Monday, 3 September 2012
Zero hours contracts for NHS trusts
Today’s Independent reports that ‘zero hours’ contracts are being used increasingly for key clinical staff in NHS trusts.
Whereas it can be argued that the State might reasonably require individuals who are receiving Jobseeker’s Allowance to work some hours each week within the public service sector, the schemes that are being put in place are a great deal more than this they seem more like a punishment of the unemployed for not having a job – even though there are clearly not enough jobs.
Although most people may believe that the benefit system inherited by the Coalition was too generous to those without work, there has been a remarkable turnaround in the Government’s attitude towards the lack of jobs since Brown left office. When Cameron became PM there was no doubt that the lack of jobs was seen as the responsibility of government to correct.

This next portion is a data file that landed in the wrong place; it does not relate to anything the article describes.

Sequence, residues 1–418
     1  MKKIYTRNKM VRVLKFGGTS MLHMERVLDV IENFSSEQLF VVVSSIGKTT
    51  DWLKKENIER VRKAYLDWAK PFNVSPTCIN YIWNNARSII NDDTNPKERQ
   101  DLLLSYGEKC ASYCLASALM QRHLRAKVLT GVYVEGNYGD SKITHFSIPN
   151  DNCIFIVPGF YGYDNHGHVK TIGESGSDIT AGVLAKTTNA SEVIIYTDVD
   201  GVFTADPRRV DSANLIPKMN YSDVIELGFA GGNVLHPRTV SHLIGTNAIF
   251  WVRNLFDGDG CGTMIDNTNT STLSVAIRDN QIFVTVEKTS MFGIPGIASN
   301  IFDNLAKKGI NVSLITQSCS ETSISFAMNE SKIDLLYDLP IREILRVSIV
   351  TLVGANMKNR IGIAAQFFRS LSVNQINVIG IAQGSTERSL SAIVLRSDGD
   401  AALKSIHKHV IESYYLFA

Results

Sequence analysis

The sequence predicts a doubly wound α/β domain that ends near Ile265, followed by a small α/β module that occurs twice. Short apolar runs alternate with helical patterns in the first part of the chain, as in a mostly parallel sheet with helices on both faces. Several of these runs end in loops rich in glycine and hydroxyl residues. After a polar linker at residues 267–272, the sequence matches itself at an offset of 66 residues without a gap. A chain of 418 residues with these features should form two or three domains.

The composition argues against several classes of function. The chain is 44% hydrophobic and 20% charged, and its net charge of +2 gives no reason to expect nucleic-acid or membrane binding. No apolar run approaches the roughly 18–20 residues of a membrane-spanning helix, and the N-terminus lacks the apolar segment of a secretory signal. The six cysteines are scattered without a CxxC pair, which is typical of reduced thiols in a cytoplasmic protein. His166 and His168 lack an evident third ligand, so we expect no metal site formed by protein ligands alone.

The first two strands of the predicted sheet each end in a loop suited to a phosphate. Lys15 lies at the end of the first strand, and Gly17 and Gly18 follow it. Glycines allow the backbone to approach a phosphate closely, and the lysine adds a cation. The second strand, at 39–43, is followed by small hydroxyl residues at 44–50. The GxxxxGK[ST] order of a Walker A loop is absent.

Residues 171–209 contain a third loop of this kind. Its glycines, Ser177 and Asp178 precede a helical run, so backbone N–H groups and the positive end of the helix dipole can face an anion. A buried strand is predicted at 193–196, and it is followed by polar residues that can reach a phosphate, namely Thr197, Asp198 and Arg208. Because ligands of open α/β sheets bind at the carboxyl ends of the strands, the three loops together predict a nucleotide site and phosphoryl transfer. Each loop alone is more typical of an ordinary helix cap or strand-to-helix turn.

Since the majority of the unemployed did want work they were viewed as unfortunate – victims of a downturn in the global economy. However, within a remarkably short time the Coalition, and the Tories in particular, have managed to put the blame onto the unemployed despite the fact that there are not enough jobs for the numbers out of work.
Through schemes such as ‘zero hours contracts’ those unfortunate to be unemployed have been reduced in number and turned into a resource for global corporations to exploit. In the three months to June the number unemployed fell by 46k to a a rate of 8.0% from 8.2% in the previous quarter. However, the number working part-time was up 16k to 1.42m – the highest since records began in 1992.
G4S, of Olympics notoriety, is one of the global corporations responsible for this practice. It is easy to take a nonchalant view of this increasingly used practice on the grounds that at least more people have some work which is helping to bring down the cost of so many unemployed. However, when it is recognised that the service provided by these global corporations create healthy profits for the directors and shareholder which are unlikely to be taxed at anything like the rate that is paid by small and medium sized UK businesses because of the use of tax havens.
So although the UK taxpayer may benefit from a lower cost for the unemployed, a good deal of the savings are simply passing into the hands of private investors of which, in too many cases only a small proportion is taxed.